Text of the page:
Spain’s constitutional crisis was back in the spotlight Friday with two crucial votes taking place in both Barcelona and Madrid.The regional parliament of Catalonia is due to vote Friday on whether it should declare independence. And given that the region has a majority of pro-independence lawmakers “it appears more likely than not” that it will choose to split from the rest of Spain, analysts at Barclays said in a note Friday.Declaring independence unilaterally will increase the rift with Madrid and is unlikely to not change anything in practical terms. “It would be so illegal (to declare independence); they (Catalan lawmakers) even risk jail,” a European official from Catalonia, who is close to the discussions but didn’t want to be named due to the sensitivity of the issue, told CNBC via phone on Friday morning. Politicians from the region are due to begin debating the issue late Friday morning but a decision is not expected until later in the evening.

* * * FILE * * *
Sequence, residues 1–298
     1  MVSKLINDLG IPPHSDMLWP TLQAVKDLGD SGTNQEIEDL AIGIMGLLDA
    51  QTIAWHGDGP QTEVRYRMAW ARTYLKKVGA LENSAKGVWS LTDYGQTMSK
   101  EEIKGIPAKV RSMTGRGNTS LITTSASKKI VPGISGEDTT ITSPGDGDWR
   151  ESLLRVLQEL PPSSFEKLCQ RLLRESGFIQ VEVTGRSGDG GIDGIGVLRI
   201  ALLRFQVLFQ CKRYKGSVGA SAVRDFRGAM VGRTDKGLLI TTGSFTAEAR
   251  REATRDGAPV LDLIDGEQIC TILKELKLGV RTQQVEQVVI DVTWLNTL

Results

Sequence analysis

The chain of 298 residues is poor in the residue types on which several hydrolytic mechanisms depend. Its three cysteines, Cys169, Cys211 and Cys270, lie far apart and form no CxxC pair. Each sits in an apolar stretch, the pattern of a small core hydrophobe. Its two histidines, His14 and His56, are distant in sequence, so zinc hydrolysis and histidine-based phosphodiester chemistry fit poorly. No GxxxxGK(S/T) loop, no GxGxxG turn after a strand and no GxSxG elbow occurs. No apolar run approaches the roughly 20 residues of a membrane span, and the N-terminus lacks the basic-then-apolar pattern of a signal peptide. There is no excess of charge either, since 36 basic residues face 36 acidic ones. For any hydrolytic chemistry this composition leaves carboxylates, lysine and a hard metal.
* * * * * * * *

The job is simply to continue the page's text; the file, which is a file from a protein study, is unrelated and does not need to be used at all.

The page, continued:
This article is for general information purposes only. It is not investment advice or a solution to buy or sell securities. Opinions are the authors; not necessarily that of OANDA Corporation or any of its affiliates, subsidiaries, officers or directors. Leveraged trading is high risk and not suitable for all. You could lose all of your deposited funds.